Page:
- Study – Junk food lowers IQ.
1948 – today – Framingham Heart Study. Result: No association between fat intake and heart disease. No association between fat intake and cholesterol.
Longest running study, which started in 1948 and is still going (longest heart study that has ever been done).
“In Framingham, Massachusetts, the more saturated fat one ate, the more cholesterol one ate, the more calories one ate, the lower people’s serum cholesterol.” Dr William Castelli, director of the Framingham Study, 1992. The researchers also stated that they found no association between fat intake and coronary disease.
1989 – Cholesterol as risk factor for mortality in elderly women. Result: Mortality 5.2 times higher with low cholesterol levels
“Mortality was lowest at serum cholesterol 7.0 mmol/l, 5.2 times higher than the minimum at serum cholesterol 4.0 mmol/l”
Mortality was 5.2 times higher with the low cholesterol of 4.0 as opposed to the ‘high’ cholesterol of 7.0.
1991 – Serum cholesterol-coronary heart disease relationship. Result: no overall relationship between serum cholesterol level and coronary heart disease risk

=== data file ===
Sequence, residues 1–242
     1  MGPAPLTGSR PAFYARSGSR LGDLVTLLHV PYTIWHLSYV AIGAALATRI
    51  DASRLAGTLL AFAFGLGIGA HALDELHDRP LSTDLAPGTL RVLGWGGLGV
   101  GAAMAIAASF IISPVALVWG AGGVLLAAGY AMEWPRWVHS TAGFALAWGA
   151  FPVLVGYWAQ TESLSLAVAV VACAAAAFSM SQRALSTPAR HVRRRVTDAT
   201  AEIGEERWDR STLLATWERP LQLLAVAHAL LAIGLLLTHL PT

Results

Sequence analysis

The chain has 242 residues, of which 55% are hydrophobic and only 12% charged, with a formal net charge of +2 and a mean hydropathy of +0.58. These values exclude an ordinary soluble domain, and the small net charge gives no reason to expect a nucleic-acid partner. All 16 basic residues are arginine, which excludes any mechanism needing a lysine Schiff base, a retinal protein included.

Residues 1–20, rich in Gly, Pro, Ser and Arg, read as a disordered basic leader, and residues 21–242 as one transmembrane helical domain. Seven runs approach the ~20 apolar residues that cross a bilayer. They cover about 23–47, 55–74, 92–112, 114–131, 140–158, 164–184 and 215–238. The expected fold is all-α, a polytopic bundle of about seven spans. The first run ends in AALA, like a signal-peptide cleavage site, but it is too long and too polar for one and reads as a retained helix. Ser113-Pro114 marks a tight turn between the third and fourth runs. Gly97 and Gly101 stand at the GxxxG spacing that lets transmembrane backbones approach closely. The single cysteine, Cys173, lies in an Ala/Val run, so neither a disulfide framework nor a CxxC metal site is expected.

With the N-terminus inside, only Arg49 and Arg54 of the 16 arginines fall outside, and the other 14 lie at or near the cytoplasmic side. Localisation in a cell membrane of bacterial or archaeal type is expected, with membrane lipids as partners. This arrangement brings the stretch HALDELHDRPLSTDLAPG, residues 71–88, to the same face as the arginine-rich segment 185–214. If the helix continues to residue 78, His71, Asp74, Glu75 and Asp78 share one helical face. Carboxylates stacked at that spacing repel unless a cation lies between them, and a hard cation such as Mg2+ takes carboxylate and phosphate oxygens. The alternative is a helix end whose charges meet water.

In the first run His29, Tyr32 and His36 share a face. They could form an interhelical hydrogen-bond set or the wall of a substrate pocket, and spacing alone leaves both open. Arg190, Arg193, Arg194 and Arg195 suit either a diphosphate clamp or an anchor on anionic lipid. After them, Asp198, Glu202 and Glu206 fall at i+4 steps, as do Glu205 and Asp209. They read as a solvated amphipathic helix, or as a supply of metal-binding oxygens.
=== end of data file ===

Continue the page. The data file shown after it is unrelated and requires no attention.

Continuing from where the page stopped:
“Although coronary heart disease remains a leading cause of death and disability in old age, the relationship of serum cholesterol level to risk of coronary heart disease in old age is controversial. Data for 2,388 white persons aged 65-74 … were examined to determine the relationship of serum cholesterol level to coronary heart disease incidence …there was no overall relationship between serum cholesterol level and coronary heart disease risk in either men or women.”
1992 – Association of Serum Cholesterol with Mortality. Result: High cholesterol levels decreases risk of mortality during first 10 yrs of follow-up
“During the first 10 years of follow-up…men with high cholesterol levels had lower all-cause mortality… because of their low cancer mortality”